- 17: Birthday of Wiccan author Starhawk
- 17: Father’s Day
- 21: Litha, the summer solstice
- 21: Yule (Southern Hemisphere), the winter solstice
- 22: England’s last Witchcraft Law is repealed in 1951
- 27: Birthday of author Scott Cunningham in 1956
- 28: Full moon–Strong Sun Moon at 12:53 am. June is full of long, light-filled days, and the nights are short and warm. This month’s magical workings are perfect for maintaining and enhancing things you already have.
Midsummer – Summer Solstice – Litha
Litha History – Celebrating the Summer Solstice
An Ancient Solar Celebration
Nearly every agricultural society has marked the high point of summer in some way, shape or form. On this date – usually around June 21 or 22 (or December 21/22 in the southern hemisphere) – the sun reaches its zenith in the sky. It is the longest day of the year, and the point at which the sun seems to just hang there without moving – in fact, the word “solstice” is from the Latin word solstitium, which literally translates to “sun stands still.” The travels of the sun were marked and recorded.
Stone circles such as Stonehenge were oriented to highlight the rising of the sun on the day of the summer solstice.
Traveling the Heavens
Although few primary sources are available detailing the practices of the ancient Celts, some information can be found in the chronicles kept by early Christian monks. Some of these writings, combined with surviving folklore, indicate that Midsummer was celebrated with hilltop bonfires and that it was a time to honor the space between earth and the heavens.
Angela at A Silver Voice says, “Midsummer, or St. John’s Eve (Oiche Fheile Eoin) was traditionally celebrated in Ireland by the lighting of bonfires. (The word ‘bonfire’, according to my Etymology dictionary is a word from the 1550s meaning a fire in the open air in which bones were burned). This custom is rooted in ancient history when the Celts lit fires in honour of the Celtic goddess Queen of Munster Áine.
Festivals in her honour took place in the village of Knockainey, County Limerick (Cnoc Aine = Hill of Aine ). Áine was the Celtic equivalent of Aphrodite and Venus and as is often the case, the festival was ‘christianised’ and continued to be celebrated down the ages. It was the custom for the cinders from the fires to be thrown on fields as an ‘offering’ to protect the crops.”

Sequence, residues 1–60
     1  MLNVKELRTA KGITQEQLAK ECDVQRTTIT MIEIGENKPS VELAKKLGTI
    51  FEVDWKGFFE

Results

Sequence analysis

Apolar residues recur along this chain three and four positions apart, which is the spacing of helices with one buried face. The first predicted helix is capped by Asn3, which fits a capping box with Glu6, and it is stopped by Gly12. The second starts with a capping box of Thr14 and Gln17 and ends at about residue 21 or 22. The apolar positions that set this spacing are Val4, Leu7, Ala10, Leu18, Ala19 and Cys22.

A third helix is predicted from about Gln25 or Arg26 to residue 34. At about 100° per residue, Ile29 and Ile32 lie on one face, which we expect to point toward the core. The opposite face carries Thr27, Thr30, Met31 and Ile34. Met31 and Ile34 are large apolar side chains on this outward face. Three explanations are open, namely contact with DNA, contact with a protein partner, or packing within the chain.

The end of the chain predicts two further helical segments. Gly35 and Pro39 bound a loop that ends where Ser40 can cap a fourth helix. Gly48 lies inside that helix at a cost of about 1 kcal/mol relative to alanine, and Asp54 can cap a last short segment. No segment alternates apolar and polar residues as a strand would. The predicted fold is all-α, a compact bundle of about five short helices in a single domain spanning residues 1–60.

Fire and Water
In addition to the polarity between land and sky, Litha is a time to find a balance between fire and water. According to Ceisiwr Serith, in his book The Pagan Family, European traditions celebrated this time of year by setting large wheels on fire and then rolling them down a hill into a body of water. He suggests that this may be because this is when the sun is at its strongest yet also the day at which it begins to weaken. Another possibility is that the water mitigates the heat of the sun, and subordinating the sun wheel to water may prevent drought.
Jason Mankey says, over at Patheos, “Christians have chronicled the rolling of flaming (solar) wheels since the Fourth Century of the Common Era. By the 1400’s the custom was specifically associated with the Summer Solstice, and there it has resided ever since (and most likely long before)… The custom was apparently common throughout Northern Europe and was practiced in many places until the beginning of the Twentieth Century.”
When they arrived in the British Isles, the Saxon invaders brought with them the tradition of calling the month of June. They marked Midsummer with huge bonfires that celebrated the power of the sun over darkness.
For people in Scandinavian countries and in the farther reaches of the Northern hemisphere, Midsummer was very important. The nearly endless hours of light in June are a happy contrast to the constant darkness found six months later in the middle of winter.
The Romans, who had a festival for anything and everything, celebrated this time as sacred to Juno, the wife of Jupiter and goddess of women and childbirth. She is also called Juno Luna and blesses women with the privilege of menstruation. The month of June was named for her, and because Juno was the patroness of marriage, her month remains an ever-popular time for weddings. This time of year was also sacred to Vesta, goddess of the hearth. The matrons of Rome entered her temple on Midsummer and made offerings of salted meal for eight days, in hopes that she would confer her blessings upon their homes.
Midsummer for Modern Pagans